09 February 2011

Jaane Bhi Do Yaaro - Jai Arjun Singh

Pages: 270
Price: 250
Published in: 2010
Publishers: Harper Collins- India



One often rues the lack of quality film writing in India, and in such a context, Jai Arjun Singh's debut non-fiction book on the 1983s cult classic, Jaane Bhi Do Yaaro is an earnest and thoroughly engaging read. For a while now, the 32 year old has been running an extremely popular blog, Jabberwock, where he pens down his lucid, well-thought out views on books and films. That apart, the author has been freelancing with various leading publications. Among other things, the writer's most admirable quality is his ability to elegantly guide his reader through the journey, gently but firmly interjecting and alerting through anecdotes, observations and counter points, without ever turning this into a self-indulgent, showy exercise.



It's obvious the author has deep reverence for the film, which is what prompted him to take up the endeavour. Jaane Bhi Do Yaaro has a lot of 'firsts' to make it interesting as a subject. It was possibly time a film was making a serous social commentary, through a comedy. Its credit roll remains one of the most extraordinary, with a striking list comprising of stalwarts who were all making a beginning of sorts with this unconventional film. Besides Naseeruddin Shah, who was the only well-off star among the cast and crew, there was a whole list of assistants and actors (doing bit roles), who went on to become famous with their subsequent works. There was Sudhir Mishra and Vidhu Vinod Chopra (both prominent directors today) who worked as assistants on Jaane Bhi... The actors included Satish Shah, Bhakti Barve, Pankaj Kapoor, Satish Kaushik, Anupam Kher (he played the role of an ineffective, funny goon called Disco Killer, but his part had to be edited out), Neena Gupta, Om Puri, Ravi Baswani - all of whom became part of this mad-cap film for different reasons.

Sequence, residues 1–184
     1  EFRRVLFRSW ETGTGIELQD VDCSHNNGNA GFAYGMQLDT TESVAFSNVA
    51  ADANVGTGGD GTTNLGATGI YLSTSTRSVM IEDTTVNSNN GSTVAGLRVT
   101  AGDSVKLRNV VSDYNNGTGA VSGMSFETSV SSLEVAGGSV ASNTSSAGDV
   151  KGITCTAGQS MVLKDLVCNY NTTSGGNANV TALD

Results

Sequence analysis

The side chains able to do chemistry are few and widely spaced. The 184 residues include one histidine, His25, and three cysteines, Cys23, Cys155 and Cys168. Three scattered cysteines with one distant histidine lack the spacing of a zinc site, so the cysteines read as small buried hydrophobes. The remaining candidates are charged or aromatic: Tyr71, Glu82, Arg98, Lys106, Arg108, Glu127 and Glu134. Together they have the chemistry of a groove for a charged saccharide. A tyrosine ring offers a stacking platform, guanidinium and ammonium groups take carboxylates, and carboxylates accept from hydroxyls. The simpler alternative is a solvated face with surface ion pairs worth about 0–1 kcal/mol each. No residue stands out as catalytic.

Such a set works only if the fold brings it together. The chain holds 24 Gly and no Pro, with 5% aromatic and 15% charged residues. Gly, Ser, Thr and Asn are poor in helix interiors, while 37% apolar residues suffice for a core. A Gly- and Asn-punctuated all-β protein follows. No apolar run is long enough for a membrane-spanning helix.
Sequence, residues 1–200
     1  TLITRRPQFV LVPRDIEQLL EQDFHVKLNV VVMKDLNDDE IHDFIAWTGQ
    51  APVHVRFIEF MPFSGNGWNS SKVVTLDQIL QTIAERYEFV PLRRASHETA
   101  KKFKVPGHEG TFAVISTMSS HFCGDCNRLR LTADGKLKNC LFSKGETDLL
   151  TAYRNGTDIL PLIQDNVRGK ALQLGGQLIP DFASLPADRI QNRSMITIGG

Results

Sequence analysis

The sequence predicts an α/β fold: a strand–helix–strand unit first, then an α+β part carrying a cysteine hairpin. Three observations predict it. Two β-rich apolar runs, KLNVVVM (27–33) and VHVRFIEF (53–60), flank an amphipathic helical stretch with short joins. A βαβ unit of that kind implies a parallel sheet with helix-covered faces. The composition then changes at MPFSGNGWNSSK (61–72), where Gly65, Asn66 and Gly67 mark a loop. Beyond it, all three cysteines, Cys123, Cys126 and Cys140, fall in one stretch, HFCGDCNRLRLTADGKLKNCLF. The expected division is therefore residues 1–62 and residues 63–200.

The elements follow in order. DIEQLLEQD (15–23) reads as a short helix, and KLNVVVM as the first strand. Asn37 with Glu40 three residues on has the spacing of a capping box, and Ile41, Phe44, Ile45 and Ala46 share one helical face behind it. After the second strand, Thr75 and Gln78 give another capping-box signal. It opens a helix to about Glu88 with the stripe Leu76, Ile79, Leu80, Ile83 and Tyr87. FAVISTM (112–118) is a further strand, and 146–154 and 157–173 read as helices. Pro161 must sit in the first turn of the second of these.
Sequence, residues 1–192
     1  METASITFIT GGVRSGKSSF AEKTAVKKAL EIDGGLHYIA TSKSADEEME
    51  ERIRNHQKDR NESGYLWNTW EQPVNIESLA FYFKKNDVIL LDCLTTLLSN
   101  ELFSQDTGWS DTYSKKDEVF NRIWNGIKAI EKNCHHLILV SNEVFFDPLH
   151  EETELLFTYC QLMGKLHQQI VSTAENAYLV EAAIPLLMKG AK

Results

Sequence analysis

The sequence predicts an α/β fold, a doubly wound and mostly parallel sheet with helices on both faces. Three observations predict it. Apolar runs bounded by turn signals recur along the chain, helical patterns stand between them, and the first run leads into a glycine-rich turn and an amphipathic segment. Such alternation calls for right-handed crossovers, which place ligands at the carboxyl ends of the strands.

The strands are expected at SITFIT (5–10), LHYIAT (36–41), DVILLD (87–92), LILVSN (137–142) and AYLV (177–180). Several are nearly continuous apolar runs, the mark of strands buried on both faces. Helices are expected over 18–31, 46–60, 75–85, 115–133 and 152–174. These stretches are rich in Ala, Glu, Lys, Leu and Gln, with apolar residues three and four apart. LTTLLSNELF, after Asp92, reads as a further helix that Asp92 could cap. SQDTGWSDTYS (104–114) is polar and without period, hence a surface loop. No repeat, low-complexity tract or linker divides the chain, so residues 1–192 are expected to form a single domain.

The book, expectedly, is full of interesting anecdotes. It was fashionable then to criticise NFDC, the government body that provided funds for out-of-the-box, socially relevant films. But in the case of Jaane Bhi Do..NFDC played a hugely constructive role, not only ensuring that the film got made in the bold manner in which it was conceived but also hammering it on DD so that everyone ended up haeing it. It's also interesting to know that Naseeruddin Shah was not very happy with the way the film was shaping up. On more than one occasion, he would sulk, refusing to have his lunch when his objections were turned down by director Kundan Shah. The one refrain on the sets was the scarce and boring food, because of the low budget. The crew would have to frequently make do with vada pao and Sudhir Mishra still complains that it was 'that' film which gave him his acidity. But the passion and dedication from everyone was total, and each one completely submitted to the director's vision. In all this, the contribution of personalities like writer Ranjit Kapoor and editor Renu Saluja comes to the fore.

Jai Arjun is articulate, with not a word out of place.  He also knows how to keep the reader engaged through the 270 odd pages, small-sized book though it is. He does a thorough analysis of the film, makes objective, insightful observations, and gives us great conversational pieces with Kundan Shah (who even after all these years seems bemused and even somewhat irritated about all the overt fuss and intellectualism over Jaane Bhi Do...).
Certainly, more such endeavors on similar lines from other talented writers is more than welcome.

2 comments:

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Nayeem said...

Like others I can watch the multiple times and not get bored. You have listed all the actors who have gone on to acquire so much fame. Great work Jai Arjun Singh ji. Thanks for writing on this one.